I am glad to say the new gardening season is underway. Well, I suppose you could say it started when I ordered new seeds, but it doesn't really count until a seed meets dirt! I started on Sunday.
Does it seem a bit early? Yes. But many annual flowers can be planted indoors 10-12 weeks before the average last frost because they are slow to germinate (7-21 days) and grow slowly at first. And in fact, Sunday was 9 weeks before average last frost, so I am late. So I planted impatiens, salvia, dusty miller, butterfly weed, forget-me-not, and wave petunia. I also planted a dozen leeks, so the veggies are started too.
I love the lighting stand I made from a storage shelf. It originally had five 2'x4' thin plastic-coated wood shelves on a steel frame. I added 1/2" plywood under the top 4 shelves and attached 4' fluorescent fixtures under each plywood shelf (4 tubes per shelf). I can fit four 11"x22" planting trays on each shelf if I want, but I start the trays 2 to a shelf lengthwise to get the maximum light at the start.
It felt SO GOOD to get into the potting soil and fill the cell-packs, read the planting requirements for each seed, and PLANT THEM! The earliest seeds to plant are usually the trickiest. Those are the ones that are tiny, need light to germinate, and are fussy about moisture.
Things will be more traditional this next weekend. -8 weeks before last average frost is the time to start the major veggies. Tomatoes, bell peppers, broccoli, lettuces, will get planted. The tomatoes are always my favorites.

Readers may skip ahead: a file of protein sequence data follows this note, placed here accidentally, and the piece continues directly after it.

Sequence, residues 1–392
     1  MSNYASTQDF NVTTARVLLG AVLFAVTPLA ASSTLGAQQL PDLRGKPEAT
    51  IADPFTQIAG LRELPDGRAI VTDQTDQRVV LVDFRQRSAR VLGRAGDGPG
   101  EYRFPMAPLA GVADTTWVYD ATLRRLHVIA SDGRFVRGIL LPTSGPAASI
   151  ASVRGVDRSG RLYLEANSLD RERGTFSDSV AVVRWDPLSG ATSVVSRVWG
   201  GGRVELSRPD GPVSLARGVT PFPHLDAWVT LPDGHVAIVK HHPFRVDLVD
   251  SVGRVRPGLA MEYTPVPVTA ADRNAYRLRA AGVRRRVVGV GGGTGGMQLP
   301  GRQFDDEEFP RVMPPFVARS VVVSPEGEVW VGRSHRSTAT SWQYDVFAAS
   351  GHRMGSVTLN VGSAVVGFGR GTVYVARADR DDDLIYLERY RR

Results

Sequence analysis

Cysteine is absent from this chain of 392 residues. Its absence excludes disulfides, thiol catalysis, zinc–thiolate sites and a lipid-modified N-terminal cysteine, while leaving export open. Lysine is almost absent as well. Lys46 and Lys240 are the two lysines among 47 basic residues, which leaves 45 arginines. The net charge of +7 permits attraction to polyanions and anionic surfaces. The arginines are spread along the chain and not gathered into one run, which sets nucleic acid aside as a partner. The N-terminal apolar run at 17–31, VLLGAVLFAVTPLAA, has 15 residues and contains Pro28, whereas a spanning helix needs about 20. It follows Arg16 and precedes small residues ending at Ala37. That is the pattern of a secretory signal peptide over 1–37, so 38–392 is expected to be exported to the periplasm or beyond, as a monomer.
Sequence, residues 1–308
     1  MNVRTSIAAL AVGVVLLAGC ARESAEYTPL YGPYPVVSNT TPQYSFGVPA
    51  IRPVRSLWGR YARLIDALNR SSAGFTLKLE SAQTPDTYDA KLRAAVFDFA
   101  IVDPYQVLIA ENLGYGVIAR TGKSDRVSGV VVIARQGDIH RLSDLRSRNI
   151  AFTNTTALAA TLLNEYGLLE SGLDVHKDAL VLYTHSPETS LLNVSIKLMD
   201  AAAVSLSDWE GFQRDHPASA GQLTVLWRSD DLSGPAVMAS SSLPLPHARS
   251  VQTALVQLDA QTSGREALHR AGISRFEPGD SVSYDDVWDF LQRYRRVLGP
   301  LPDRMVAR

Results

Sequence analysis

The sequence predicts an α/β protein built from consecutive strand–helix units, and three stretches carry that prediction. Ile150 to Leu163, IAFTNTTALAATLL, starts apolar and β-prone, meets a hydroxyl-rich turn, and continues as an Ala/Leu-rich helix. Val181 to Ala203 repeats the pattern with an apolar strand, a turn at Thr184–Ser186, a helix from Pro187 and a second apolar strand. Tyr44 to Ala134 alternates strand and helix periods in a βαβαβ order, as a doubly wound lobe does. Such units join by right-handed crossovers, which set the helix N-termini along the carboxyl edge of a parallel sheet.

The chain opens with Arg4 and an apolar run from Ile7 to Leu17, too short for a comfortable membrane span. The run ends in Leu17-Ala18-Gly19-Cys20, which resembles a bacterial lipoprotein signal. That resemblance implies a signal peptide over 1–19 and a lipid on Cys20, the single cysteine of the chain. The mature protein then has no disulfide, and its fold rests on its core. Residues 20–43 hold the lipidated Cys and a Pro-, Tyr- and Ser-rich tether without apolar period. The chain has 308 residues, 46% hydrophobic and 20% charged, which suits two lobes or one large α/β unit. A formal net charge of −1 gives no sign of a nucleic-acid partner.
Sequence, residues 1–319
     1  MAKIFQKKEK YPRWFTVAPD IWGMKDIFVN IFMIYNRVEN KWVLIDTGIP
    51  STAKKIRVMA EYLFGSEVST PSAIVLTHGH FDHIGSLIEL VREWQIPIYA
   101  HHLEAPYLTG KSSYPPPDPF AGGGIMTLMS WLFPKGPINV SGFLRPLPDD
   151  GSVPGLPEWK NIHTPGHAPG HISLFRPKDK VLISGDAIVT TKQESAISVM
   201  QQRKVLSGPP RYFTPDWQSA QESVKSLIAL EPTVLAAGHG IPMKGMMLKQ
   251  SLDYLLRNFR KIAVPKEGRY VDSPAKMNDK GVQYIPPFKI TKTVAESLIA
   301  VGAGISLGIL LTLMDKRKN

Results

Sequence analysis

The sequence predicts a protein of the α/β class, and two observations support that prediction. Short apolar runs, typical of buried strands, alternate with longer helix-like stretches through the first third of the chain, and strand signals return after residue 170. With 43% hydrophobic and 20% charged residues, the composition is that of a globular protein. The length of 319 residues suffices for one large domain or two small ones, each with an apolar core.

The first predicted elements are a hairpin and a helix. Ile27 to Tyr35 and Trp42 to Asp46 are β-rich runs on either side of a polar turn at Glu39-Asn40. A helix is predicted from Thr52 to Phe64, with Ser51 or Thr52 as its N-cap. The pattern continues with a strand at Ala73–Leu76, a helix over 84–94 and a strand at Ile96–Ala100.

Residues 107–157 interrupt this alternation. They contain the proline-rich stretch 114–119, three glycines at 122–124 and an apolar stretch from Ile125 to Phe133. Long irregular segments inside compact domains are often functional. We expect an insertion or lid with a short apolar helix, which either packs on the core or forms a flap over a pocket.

I'm trying something new with the tomatoes this year. In past years, I've grown mostly heirlooms (Brandywine, Cherokee Purple, Prudens Purple, Aunt Gertie's Gold, and Tennessee Britches) with a couple hybrids like Big Beef for backup if the heirlooms do poorly. Over the Winter, I read about tomato-grafting. It's just like grafting grapevines; you put a good fruiting top on a healthier rootstock.
With the tomatoes, you put an heirloom top on a hybrid root.
The plants are more productive because the hybrid rootstock is larger,
and the plants avoid many soilborne diseases because the hybrid
rootstocks are resistant to them. I've seen comparison pictures of
heirlooms alone grown along side of grafted heirlooms and the apparent
production differences are impressive. And I mean pictures from
agricultural sites, not scammy commercial advertisements.
You can buy the grafted plants from catalogs at high prices, but I am going to try doing the grafting myself. I bought some small soft clips designed for attaching the heirloom tops to the hybrid roots. I just hope I'm adept enough for the effort. I don't have the steadiest of hands (DDT exposure in my youth), so my efforts may not work out.
That's why I will have 2 full sets of tomato seedlings! One set will be let to develop naturally, as if there was no grafting intended. The other set will be for the grafting experiment. I usually plant 2-3 of each type of tomato outside but start 6 seedlings inside of each type anyway, so I don't even have to plant more than usual.
If this works I may be the happiest gardener in the county (just guessing I'm the only person trying to graft tomato seedlings in the county the first time this year).